I’m not one of those people who thinks that homage is the death knell of film or music or any kind of art. Wearing your influences on your sleeve is not only a way to honor your heroes, but can also be a hand reaching out to your audience. This is all irrelevant if you’re one of those people who thinks there are no new stories–only new ways of reworking the old tales–but obviously we are not those people. This is all to say that Carnage Park, the fifth outing from Mickey Keating, is an obvious homage to 70s horror (and will remind you of about ten other things*), but does that mean it isn’t any good?
Of course not, as anyone who’s seen a leftovers episode of Chopped knows. What matter is what you make of it. So what did Keating make? He made a grimy tale of a bank robbery gone awry that then manages to go even worse. [There will be mild spoilers.]
With an obvious nod to Reservoir Dogs, the movie begins with the immediate aftermath of that bank job, as done by Scorpion Joe (James Landry Hébert) and Lenny (Michael Villar). Don’t get attached to Lenny, because he bleeds out in the backseat. The bank in question is ancient. It looks like it’s overdue for a bank run. You expect the camera to pan over to reveal the tellers behind a wooden grille. But I digress. Anyway, something goes wrong. Joe and Lenny do manage to make it out with the money, but they had to take a hostage–Vivian (Ashley Bell)–and Lenny had to take a gut shot to make their escape.
Once Lenny is no more, Vivian joins the story. Like the bank robbery, she’s having a bad experience that just got exponentially worse. She was at the bank pleading for a loan to save the “dirt farm” where she lives with her father. The loan is denied, with the smarmy bank officer suggesting she try burlesque. Enter Joe and Lenny.
This being an astoundingly sloppy robbery, the cops are right on Joe’s tail, so he takes the road less travelled and it makes all the difference. It turns out he’s ventured onto Wyatt Moss’s (Pat Healy) land. A Vietnam vet, Wyatt has taken his lemons and made murderous lemonade, turning his sprawling property into the titular Carnage Park. It’s a Wonka factory of pain and death with electrified fences, a comprehensive sound system spewing scary gibberish, and bear traps. Oh, my.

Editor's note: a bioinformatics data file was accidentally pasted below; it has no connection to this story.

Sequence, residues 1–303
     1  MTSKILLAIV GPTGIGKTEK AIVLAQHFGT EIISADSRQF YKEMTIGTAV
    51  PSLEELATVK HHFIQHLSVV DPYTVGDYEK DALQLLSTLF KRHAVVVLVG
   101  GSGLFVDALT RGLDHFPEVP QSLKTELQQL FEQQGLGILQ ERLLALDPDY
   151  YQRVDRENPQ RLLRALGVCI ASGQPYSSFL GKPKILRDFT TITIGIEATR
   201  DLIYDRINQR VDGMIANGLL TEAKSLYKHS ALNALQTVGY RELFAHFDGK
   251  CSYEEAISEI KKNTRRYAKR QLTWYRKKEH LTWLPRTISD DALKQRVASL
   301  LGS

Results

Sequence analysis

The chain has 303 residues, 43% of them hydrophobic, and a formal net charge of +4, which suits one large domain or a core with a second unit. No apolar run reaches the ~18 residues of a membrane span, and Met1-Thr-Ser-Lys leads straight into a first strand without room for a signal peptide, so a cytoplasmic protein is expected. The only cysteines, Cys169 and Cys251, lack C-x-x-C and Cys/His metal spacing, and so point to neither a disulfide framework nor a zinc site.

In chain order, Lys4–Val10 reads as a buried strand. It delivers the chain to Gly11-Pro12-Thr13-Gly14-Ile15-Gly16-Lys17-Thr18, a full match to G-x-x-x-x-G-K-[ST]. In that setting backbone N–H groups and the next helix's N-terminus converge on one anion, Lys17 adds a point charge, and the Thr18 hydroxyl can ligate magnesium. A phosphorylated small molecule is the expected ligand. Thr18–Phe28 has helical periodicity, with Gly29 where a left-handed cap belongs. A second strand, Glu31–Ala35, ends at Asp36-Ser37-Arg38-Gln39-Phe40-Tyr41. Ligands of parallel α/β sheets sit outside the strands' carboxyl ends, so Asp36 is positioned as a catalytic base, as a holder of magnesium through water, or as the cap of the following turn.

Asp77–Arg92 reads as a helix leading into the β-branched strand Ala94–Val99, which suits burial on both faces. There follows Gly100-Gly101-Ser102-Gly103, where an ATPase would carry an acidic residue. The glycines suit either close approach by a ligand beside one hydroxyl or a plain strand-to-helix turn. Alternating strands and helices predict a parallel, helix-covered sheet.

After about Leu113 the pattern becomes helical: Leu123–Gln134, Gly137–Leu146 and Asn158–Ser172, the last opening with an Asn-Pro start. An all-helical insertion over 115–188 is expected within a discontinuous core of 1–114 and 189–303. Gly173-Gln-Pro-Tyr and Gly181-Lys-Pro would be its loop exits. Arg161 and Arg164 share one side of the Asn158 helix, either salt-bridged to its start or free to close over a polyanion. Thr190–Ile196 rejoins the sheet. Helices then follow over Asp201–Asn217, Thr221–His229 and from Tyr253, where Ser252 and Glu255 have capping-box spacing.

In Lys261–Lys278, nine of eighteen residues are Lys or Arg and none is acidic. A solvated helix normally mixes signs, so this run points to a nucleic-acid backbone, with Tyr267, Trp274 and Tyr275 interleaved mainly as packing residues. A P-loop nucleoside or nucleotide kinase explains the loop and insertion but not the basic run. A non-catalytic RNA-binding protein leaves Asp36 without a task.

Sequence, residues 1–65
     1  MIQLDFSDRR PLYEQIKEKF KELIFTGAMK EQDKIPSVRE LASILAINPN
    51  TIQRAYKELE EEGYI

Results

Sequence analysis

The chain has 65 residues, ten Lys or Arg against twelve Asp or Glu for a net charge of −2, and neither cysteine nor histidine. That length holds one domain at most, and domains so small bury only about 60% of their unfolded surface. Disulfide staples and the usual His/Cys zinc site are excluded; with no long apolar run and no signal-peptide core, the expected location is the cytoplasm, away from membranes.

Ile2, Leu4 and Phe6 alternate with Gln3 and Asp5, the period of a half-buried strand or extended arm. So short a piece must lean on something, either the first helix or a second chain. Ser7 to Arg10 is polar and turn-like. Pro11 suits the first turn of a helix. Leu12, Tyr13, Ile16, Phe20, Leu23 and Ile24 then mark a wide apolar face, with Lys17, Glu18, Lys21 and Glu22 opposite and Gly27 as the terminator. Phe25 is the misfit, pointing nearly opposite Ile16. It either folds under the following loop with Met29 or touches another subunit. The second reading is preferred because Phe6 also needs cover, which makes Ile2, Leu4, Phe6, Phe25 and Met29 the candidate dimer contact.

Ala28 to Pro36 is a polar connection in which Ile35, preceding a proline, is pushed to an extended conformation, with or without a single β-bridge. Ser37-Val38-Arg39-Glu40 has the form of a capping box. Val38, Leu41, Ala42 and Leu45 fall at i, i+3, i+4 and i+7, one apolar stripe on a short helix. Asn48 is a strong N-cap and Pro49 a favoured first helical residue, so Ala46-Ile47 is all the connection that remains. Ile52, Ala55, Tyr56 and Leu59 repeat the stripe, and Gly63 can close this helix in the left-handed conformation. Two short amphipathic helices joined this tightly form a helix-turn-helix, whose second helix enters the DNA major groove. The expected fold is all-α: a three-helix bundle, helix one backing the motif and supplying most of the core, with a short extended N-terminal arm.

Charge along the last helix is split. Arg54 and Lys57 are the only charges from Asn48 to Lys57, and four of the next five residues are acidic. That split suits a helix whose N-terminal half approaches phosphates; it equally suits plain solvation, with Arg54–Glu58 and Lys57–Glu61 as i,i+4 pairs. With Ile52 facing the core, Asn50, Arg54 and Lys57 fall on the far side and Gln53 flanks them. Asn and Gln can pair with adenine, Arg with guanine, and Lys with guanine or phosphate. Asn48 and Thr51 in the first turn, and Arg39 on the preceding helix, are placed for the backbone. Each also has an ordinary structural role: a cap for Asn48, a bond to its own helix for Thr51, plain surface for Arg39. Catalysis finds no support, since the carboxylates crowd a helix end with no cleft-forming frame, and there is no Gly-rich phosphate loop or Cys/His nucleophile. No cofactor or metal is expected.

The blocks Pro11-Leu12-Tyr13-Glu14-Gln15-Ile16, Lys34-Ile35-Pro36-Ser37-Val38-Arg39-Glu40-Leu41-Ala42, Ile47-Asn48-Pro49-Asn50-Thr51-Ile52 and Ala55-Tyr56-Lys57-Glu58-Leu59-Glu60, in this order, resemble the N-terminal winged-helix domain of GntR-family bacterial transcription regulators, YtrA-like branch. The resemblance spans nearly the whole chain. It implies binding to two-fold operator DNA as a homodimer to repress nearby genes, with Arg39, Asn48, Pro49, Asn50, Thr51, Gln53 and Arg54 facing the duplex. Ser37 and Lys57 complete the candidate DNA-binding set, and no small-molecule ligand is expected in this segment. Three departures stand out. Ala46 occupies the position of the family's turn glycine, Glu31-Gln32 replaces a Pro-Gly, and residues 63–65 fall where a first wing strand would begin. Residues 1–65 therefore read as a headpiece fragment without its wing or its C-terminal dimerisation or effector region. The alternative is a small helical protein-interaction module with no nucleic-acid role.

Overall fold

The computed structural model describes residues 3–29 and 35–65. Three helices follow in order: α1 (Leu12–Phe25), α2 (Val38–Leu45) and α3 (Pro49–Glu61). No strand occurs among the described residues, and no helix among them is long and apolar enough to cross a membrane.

Wyatt dispatches Joe quickly, which pushes Vivian into obvious Final Girl territory. Vivian is the beating, bloody heart of this movie and its Ashley Bell’s performance that is the star of the show. She looks like a classic movie star and can emote like one, too. It would be easy for an actress to spend the duration screaming her head off, but Bell is far more subtle, depicting the shifts in Vivian that take place as she takes stock of her predicament. Vivian is not someone for whom things come easy and although she’s never faced a challenge like this before, it’s not hard to believe in her.
These parts, where she’s considering a problem and then ferreting out a solution, are shot beautifully. The composition makes her look like she stepped out of an Andrew Wyeth painting, if Wyeth painted deserts. It’s evidence of a major talent in cinematographer Mac Fisken and it bodes well that he’ll be working on Keating’s next work, Psychopaths.
As Moss the antagonist, Healy is effectively creepy. We don’t see much of him, but what we do see of him and additionally, his relationship with the local sheriff (Alan Ruck), is unnerving. He surely has a reason, albeit a lunatic one, for building the Park, but we’re privy to so few of his thoughts. That’s not a negative, though–if the movie paused so he could give some Bond-villainesque monologue about why he does the things he does, it would be ludicrous. If he has a cogent philosophy, it would likely be something akin to “God don’t pick no favorites,” one of his early lines.
In the Park, though, none of that matters. All that matters is survival and the odds are stacked against you if you find yourself in there to begin with. God may pick no favorites, but I’ve also heard that He helps those who help themselves. And few help themselves like a Final Girl.
7/10 – Carnage Park is a stylistic high point for a director who’s not exactly lacking in style. While the story is not breaking any new ground and is awfully slim, the suspense and Ashley Bell’s performance push the film into being more successful than it should be.
[Carnage Park is playing in select theaters and on demand.]
* Including “The Most Dangerous Game,” Punishment Park, Starve, House of 1000 Corpses/The Devil’s Rejects, Reservoir Dogs, Bonnie and Clyde, Sergio Leone, The Hills Have Eyes and Tarantino obviously.